International scientists on Tuesday urged the leaders of the world’s biggest polluters meeting this week at the Group of Eight summit to cut their greenhouse gas emissions.
The 27-strong group of Australian, European, Indian, Japanese and US scientists wrote an open letter calling on the leaders to ensure that global greenhouse gas emissions reach peak levels “by no later than 2020.”
Intervening on the eve of the G8 summit in L’Aquila, central Italy, the group also said leaders should commit to cutting emissions “by at least 50 percent relative to 1990 levels by 2050.”
Negotiators struggling to reach an agreement on cutting emissions in time for a conference in Denmark by the end of the year regard the three-day summit as a golden opportunity to haul the process out of a rut.
The scientists said developed countries should make the deepest cuts in greenhouse gas emissions, “at least 80 percent relative to 1990 by 2050 with appropriate intermediate targets set in time for Copenhagen.”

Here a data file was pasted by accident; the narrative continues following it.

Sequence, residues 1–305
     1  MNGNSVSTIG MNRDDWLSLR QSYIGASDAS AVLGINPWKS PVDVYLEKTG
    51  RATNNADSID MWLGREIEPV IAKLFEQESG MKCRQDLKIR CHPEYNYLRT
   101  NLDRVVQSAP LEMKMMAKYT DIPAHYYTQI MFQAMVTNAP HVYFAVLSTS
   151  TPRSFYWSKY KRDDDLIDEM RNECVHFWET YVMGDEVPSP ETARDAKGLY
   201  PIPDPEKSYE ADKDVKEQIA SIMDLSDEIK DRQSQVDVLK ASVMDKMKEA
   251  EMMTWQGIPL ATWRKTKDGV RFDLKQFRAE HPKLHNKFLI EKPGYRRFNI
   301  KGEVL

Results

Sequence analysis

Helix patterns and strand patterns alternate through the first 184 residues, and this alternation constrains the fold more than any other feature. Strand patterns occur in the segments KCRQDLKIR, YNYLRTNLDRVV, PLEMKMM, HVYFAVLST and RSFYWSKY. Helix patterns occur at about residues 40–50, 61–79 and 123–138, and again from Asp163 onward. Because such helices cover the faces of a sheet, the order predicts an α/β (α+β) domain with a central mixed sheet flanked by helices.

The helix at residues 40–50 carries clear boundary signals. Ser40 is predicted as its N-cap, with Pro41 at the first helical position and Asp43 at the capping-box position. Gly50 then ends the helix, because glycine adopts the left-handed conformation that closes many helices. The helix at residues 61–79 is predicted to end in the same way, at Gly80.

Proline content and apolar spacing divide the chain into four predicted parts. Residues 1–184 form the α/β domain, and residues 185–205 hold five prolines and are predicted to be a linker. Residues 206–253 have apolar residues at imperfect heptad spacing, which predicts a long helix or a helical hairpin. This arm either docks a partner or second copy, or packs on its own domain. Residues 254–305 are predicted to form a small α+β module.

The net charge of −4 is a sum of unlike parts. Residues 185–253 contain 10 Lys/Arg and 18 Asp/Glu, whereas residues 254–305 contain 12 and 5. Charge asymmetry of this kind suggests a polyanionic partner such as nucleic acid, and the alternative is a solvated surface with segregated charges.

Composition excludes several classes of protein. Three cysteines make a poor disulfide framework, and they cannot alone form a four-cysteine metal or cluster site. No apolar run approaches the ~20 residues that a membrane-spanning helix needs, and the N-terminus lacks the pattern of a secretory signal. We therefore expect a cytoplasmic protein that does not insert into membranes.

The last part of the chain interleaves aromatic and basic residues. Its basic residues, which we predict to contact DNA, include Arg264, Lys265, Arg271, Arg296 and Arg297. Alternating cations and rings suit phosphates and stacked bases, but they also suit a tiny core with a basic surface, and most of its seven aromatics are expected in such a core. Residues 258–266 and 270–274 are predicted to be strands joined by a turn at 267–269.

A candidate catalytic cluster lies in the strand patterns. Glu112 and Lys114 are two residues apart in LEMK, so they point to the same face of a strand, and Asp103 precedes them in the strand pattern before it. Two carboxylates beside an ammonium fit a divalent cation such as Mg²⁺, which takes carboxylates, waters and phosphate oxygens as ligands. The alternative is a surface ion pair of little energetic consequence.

They said that developing countries should commit “by Copenhagen to significant gains in energy efficiency, reductions in carbon intensity, and cuts in non-CO2 greenhouse gas emissions over the next two decades.”
G8 leaders are to discuss climate change among other subjects on Thursday at the summit with their counterparts from other major economies such as China, Brazil, India, Indonesia, Mexico, South Africa and South Korea.
While G8 countries generate 40 percent of global greenhouse gas emissions, the broader group accounts for 80 percent of the total.
The scientists warned that “warming exceeding two degrees Celsius predicted for later this century would create great risks and have irreversible consequences.”